Exhibition Inquisition

The stuff you look at, but don't see.

Winter BCAM Shows

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Los Angeles County Museum of Art

Let’s follow up a long discussion of three shows at LACMA with a very brief discussion of three shows at LACMA.  The three winter shows in BCAM are: Blinky Palermo: Retrospective 1964–1977, William Eggleston: Democratic Camera—Photographs and Video, 1961–2008, and Color and Form (an installation not exhibition). Let’s make this quick.

Not so much to talk about.

Blinky (yes I’m going to cal him by his first name) is organized by the Dia Art Foundation and the Center for Curatorial Studies at Bard.  The show’s first stop is LACMA, then it travels east to the Hirshhorn and then north to Dia Beacon.  Interestingly the show is presented by Christies (hmm) and the tour is made possible by Gucci (who knew the Italian fashion house was interested in contemporary art or that the Gucci marketing people are).  Above the entrance to the show is the only semblance of exhibition design, a stupid painted blue triangle.  The only interesting thing to note about this show was that the labels were meticulously hidden in the doorways between each room, limiting distraction.  I think LACMA knows how boring this show is and actually stooped this low in a sad effort to make it interesting.

Yawn.

The lenders were varied: a bunch of American and European museums: MOMA,  Dia, MOMA Frankfurt, Staatsgalerie Stuttgart, Stadle Museum, MOMA Luxembourg, Kunstmuseum Krefeld, Kunstmuseum Bonn; and some private collections including (OH HEY) Julian Schnabel, that museum darling.

Eggleston is leaps and bounds more interesting than Blinky, which isn’t saying a whole lot.  Eggleston was organized by the Whitney in association with the Haus der Kunst Munich (a haus I would very much like to live in), and is presented with money that endowed Michael Govan’s position (thanks Wally Annenberg!).

Did Eggleston get a percentage of all album sales?

The color photographs (actually” exhibition prints,” so who owns them?) are organized into series: Democratic Forest, True Stories, Electric Eve, a section on his recent work (how recent is 2000?), and a section on William Eggleston’s Guide a series based on his first major show at MOMA.  A show people hated because they thought color photography wasn’t serious enough to be considered fine art.  But something that is undisputable art is photography for album covers!  Evidently musicians (or the people who control them) love Eggleston photography.  A display case holds a collection of actual record covers with Eggleston images on them.  Ooooh Eggleston is so hip; at least Jimmy Eat World and Spoon think so.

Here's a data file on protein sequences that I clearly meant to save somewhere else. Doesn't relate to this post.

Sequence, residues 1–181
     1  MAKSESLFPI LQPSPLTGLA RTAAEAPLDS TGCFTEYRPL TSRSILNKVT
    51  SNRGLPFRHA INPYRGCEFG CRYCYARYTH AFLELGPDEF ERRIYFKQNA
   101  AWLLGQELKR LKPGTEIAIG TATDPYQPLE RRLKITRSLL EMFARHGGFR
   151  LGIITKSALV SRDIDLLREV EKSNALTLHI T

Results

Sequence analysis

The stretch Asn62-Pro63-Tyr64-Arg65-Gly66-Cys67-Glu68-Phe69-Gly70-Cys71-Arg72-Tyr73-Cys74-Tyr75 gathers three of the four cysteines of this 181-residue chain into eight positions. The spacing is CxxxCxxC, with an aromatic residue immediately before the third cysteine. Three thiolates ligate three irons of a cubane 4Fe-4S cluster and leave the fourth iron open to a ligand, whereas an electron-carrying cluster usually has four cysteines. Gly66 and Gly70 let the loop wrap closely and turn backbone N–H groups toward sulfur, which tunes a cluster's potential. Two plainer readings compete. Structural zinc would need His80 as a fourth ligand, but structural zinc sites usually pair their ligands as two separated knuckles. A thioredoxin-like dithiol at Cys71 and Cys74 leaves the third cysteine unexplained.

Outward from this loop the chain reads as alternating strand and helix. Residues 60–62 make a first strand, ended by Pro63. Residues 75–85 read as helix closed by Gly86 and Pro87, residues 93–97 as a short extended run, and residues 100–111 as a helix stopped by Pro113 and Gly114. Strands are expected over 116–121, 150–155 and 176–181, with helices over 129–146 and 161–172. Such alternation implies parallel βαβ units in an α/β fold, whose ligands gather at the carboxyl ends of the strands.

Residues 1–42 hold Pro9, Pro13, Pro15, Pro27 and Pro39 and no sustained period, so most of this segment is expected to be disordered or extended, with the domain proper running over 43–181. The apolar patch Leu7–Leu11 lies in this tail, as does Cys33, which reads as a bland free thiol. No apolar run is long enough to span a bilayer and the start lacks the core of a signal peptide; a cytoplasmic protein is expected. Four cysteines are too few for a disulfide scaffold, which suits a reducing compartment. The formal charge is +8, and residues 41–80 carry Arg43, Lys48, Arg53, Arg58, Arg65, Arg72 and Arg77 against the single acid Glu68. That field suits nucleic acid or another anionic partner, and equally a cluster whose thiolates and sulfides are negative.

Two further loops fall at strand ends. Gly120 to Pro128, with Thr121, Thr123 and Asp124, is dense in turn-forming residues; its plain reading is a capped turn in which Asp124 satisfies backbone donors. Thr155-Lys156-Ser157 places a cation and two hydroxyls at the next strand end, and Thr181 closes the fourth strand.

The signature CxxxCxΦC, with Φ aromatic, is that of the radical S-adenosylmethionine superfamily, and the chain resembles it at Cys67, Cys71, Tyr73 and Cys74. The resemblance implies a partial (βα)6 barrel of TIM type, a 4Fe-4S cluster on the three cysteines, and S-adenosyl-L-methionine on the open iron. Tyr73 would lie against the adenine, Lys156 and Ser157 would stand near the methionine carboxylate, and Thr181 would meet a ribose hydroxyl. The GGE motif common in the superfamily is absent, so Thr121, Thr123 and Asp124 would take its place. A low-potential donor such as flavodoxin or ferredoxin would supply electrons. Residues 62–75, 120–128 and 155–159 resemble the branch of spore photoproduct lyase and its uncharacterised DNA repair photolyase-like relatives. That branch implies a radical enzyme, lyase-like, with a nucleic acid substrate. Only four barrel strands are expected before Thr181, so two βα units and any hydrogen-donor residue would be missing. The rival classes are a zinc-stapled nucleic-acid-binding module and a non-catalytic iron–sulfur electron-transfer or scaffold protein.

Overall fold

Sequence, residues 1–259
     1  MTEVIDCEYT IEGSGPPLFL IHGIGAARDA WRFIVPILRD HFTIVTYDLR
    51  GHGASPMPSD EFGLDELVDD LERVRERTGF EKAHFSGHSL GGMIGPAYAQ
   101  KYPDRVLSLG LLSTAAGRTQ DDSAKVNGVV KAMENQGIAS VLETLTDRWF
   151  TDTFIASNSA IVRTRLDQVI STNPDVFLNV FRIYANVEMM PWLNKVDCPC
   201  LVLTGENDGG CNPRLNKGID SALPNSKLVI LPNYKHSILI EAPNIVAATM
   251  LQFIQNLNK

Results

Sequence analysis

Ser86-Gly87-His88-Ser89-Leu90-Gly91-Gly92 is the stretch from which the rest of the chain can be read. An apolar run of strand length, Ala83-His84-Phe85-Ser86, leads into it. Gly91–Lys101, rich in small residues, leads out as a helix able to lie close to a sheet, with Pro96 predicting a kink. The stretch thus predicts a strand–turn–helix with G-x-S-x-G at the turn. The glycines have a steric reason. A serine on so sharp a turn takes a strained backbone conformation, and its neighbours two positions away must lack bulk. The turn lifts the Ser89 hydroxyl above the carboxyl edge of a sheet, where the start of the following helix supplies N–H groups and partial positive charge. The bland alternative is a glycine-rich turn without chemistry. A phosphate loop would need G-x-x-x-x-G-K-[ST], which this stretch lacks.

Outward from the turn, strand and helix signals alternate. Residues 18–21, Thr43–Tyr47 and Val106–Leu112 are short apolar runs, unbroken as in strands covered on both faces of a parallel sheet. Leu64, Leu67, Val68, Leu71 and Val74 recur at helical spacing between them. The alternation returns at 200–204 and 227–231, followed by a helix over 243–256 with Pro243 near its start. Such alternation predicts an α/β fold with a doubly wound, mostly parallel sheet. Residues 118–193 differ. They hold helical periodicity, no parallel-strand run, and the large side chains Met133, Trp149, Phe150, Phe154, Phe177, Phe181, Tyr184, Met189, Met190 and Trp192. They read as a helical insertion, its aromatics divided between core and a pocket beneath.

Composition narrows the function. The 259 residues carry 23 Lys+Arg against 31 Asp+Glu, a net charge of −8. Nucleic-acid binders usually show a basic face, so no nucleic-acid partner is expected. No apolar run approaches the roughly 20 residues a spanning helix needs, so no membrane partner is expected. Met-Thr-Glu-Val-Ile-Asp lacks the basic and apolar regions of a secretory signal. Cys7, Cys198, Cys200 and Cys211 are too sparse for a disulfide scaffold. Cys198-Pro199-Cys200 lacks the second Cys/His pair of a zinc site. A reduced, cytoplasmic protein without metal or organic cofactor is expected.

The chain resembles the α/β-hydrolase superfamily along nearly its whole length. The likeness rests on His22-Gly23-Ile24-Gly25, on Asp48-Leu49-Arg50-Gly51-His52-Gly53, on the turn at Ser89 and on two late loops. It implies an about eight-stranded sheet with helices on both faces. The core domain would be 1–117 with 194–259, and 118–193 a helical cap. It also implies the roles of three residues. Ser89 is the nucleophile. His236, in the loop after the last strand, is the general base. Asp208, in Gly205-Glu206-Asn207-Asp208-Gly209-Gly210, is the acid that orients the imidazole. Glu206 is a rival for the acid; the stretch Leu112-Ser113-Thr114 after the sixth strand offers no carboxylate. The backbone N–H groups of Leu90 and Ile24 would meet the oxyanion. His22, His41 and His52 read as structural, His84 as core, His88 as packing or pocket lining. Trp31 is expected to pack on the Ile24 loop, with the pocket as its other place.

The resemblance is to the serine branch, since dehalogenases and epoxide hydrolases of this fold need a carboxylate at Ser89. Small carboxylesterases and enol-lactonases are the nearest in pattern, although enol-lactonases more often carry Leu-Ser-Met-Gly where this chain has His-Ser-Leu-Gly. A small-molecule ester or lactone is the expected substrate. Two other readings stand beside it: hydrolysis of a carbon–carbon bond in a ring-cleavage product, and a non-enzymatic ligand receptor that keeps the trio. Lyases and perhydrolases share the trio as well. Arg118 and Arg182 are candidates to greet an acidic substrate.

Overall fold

Redwood Mississippi

The retrospective was small enough to make easy comparisons between early and later work.  Like the Greenwood Mississippi photograph of a light bulb in a red room, a subject also documented in a later untitled 2000 photograph.  And like the blue triangle above the entrance to Blinky, they just had to do something quirky for the Eggleston show.  This came in the form of what looked like wood patterned contact paper (that stuff you line shelves with) that lined the doorways between each room: so rustic, so hick, so random.

No joke; wood-patterned contact paper.

Last up, and a floor up in BCAM was an installation of Broadworks.  The installation is simply called Color and Form and is just that, simple.  It features the works of five artists including Imi Knoebel.  Knoebel was a student of Joseph Beuys, like Blinky, and apparently the two were friends—so this is somehow justification for this installation.  The other artists in the installation are John McCracken, Christian Eckart, Gunther Forg and Peter Halley, who all deal with issues of form and color in their work. How damn interesting (read sarcastic).

Not so much color, not so much form.

These shows closed on the 16th, but oops Color and Form will be around until April. So you’ve got time to see this really really boring installation.

– H.I.

And because there can’t be just one Broad museum in town, check out the fly through video of “the Broad” in downtown.  I wonder if they’re change the name of BCAM—nah, they spent too much money already on the branding of it.

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One Response

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  1. I have wood contact paper, but that’s because I’m a hoarder.

    Woody

    January 19, 2011 at 6:41 PM


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